Rekers’ testimony in the four days of the November 2008 trial was neither “credible nor worthy of forming the basis for public policy,” in the words of Judge Lederman.
In fact, the only other witness that McCollum’s office produced for the trial, Kansas State University Professor Walter Schumm, actually argued against the ban at one point, testifying that a categorical ban on gays adopting children, as maintained in Florida, was not warranted by the facts, and that adoption decisions should be made on a case-by-case basis.
But there was little blowback for McCollum or the state AG’s office after Judge Lederman ruled the gay ban unconstitutional, as he announced immediately that the state would appeal. The Florida ACLU attorneys presented experts who stated that separating Gill from his two sons (named “John” and “James” to maintain their anonymity) would be deleterious to those children. Dr. David Brodzinski, a child clinical psychologist who visited John and James in May of 2008, said in court that it would be “devastating “ for the boys if they were separated from Gill and his partner. “For [James], it’s the only home he’s ever known,” he testified. “Not only are these his parents in every sense of the word – appropriate to his age, of course – he’s very emotionally bonded, connected, attached to them.” When asked whether the parents’ being gay was of any relevance, Brodzinski replied that it played no role whatsoever.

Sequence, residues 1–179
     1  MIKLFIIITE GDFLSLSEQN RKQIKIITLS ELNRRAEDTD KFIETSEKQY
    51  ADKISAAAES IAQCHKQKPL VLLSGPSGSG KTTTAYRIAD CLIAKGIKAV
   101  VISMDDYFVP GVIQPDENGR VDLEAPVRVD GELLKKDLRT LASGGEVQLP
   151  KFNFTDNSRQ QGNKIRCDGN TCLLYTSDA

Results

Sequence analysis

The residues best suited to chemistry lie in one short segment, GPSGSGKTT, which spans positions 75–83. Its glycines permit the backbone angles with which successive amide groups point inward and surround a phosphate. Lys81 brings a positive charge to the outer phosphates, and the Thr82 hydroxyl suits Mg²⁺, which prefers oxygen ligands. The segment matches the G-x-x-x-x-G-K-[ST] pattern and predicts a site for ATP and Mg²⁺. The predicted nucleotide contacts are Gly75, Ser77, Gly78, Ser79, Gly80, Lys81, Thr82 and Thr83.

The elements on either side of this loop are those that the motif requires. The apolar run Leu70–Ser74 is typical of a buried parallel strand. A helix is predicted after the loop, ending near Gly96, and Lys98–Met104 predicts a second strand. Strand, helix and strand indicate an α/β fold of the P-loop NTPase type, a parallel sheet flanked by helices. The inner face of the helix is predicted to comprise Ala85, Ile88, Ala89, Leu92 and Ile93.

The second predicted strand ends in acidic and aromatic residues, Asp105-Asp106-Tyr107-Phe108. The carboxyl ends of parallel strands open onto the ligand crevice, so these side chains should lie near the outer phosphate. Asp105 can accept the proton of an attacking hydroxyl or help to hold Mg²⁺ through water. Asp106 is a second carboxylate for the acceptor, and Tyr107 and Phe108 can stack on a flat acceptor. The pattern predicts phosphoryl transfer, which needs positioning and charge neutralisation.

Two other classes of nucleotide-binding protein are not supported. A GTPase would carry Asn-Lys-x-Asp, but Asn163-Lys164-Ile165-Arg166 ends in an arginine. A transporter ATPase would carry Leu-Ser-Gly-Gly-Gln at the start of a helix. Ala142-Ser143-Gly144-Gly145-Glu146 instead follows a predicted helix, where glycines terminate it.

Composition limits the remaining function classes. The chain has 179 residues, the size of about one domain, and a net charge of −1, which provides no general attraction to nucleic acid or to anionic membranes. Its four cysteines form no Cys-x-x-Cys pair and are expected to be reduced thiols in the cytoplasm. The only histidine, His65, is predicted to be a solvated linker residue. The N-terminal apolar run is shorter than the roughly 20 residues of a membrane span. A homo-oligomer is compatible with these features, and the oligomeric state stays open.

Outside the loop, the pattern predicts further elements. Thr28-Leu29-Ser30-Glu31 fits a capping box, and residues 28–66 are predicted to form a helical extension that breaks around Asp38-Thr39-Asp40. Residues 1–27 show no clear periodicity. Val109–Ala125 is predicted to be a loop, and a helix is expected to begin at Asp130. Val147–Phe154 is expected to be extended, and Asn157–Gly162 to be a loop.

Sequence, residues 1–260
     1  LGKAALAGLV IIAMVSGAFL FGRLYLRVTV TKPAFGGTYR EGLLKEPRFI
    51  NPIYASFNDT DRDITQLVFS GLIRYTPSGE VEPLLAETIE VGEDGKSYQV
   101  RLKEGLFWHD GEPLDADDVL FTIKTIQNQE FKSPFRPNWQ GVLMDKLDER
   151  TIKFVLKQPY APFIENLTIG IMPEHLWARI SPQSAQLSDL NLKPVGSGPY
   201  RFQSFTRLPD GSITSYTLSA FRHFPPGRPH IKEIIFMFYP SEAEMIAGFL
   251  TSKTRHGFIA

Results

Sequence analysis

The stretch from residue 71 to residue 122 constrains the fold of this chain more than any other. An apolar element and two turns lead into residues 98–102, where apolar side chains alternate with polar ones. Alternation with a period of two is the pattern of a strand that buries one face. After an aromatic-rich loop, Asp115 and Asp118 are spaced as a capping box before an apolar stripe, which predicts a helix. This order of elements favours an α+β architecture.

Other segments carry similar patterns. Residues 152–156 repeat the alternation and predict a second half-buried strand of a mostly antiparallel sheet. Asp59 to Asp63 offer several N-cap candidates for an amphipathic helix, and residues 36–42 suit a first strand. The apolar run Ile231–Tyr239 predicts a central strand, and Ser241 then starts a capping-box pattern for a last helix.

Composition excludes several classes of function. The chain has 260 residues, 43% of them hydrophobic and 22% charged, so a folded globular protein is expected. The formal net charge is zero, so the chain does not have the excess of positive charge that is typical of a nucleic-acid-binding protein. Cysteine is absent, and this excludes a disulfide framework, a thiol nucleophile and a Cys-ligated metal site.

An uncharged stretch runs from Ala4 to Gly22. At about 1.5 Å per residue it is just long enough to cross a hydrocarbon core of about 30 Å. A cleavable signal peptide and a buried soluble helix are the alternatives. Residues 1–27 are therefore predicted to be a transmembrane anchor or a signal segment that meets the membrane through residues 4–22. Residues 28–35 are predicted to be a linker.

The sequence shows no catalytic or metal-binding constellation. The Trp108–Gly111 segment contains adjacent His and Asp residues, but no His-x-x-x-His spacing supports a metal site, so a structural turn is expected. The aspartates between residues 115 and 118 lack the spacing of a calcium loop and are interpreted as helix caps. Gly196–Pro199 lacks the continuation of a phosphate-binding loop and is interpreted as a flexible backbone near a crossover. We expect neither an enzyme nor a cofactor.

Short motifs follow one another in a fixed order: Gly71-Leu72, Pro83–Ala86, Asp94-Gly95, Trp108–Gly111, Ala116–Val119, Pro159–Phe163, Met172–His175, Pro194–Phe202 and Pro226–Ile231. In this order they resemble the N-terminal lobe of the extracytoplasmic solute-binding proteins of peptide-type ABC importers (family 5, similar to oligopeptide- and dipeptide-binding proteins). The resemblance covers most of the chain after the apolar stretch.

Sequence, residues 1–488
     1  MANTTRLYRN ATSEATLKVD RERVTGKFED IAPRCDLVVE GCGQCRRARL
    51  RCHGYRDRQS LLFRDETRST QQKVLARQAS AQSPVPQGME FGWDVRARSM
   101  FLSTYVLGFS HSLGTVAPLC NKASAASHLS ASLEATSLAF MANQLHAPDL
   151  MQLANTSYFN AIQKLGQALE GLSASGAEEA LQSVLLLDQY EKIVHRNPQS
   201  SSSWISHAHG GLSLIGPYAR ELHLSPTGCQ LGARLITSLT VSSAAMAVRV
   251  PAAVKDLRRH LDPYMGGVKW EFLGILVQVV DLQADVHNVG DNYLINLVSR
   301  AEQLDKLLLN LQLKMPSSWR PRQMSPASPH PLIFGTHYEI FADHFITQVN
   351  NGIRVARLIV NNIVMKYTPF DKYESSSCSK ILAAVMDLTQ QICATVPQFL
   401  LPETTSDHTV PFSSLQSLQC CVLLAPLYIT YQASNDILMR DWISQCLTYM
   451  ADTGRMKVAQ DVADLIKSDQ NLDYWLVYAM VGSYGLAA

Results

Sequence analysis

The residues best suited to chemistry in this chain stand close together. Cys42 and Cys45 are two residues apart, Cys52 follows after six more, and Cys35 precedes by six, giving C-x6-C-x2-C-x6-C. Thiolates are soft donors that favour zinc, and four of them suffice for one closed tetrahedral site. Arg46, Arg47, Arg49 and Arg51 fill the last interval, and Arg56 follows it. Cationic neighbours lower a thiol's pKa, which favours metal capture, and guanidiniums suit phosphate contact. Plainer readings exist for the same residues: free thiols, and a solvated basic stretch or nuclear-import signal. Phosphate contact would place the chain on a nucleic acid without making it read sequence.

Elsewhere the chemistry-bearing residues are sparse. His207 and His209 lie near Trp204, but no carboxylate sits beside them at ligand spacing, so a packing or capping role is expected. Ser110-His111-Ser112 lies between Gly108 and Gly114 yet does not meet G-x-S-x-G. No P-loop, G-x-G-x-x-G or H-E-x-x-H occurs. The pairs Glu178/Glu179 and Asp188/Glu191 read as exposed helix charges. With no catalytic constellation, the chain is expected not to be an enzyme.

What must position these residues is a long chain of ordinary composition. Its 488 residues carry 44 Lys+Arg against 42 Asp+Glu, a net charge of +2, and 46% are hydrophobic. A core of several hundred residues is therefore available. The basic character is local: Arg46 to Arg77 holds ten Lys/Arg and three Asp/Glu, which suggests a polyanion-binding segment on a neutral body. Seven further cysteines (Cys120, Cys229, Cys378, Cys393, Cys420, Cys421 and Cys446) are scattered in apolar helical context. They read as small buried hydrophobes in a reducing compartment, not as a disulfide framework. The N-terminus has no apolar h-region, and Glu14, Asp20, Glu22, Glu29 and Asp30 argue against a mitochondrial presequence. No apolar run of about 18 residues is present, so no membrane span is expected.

“The real issue here, in any family, is the quality of parenting that is offered.”
Last August, the case went back to a three-judge panel at the Third District Court of Appeals in Miami. Joining the ACLU were seven other groups that provided amicus briefs supporting Martin Gill’s case, including the Child Welfare League of America, the American Psychology Association, the Florida Academy of Pediatrics, as well as the UF and FSU law schools.
Not only do many experts say lifting the ban on gay adoptions would be the right thing to do for the approximately 850 children (according to DCF) looking for families right now in Florida (with more than 25,000 in foster care), one Florida professor wrote in a thesis in 2004 that repealing the ban would save the state money – over $3 million annually in foster care expenses.
In a cost/benefit analysis, University of Central Florida assistant professor Christopher Blackwell reported that, even though the administration of additional adoptions would cost the Department of Children and Families $1,834,000 over a 5-year period, assuming 100 children per year would be adopted by gays, the change would overall benefit DCF and the state of Florida by $4,959,500.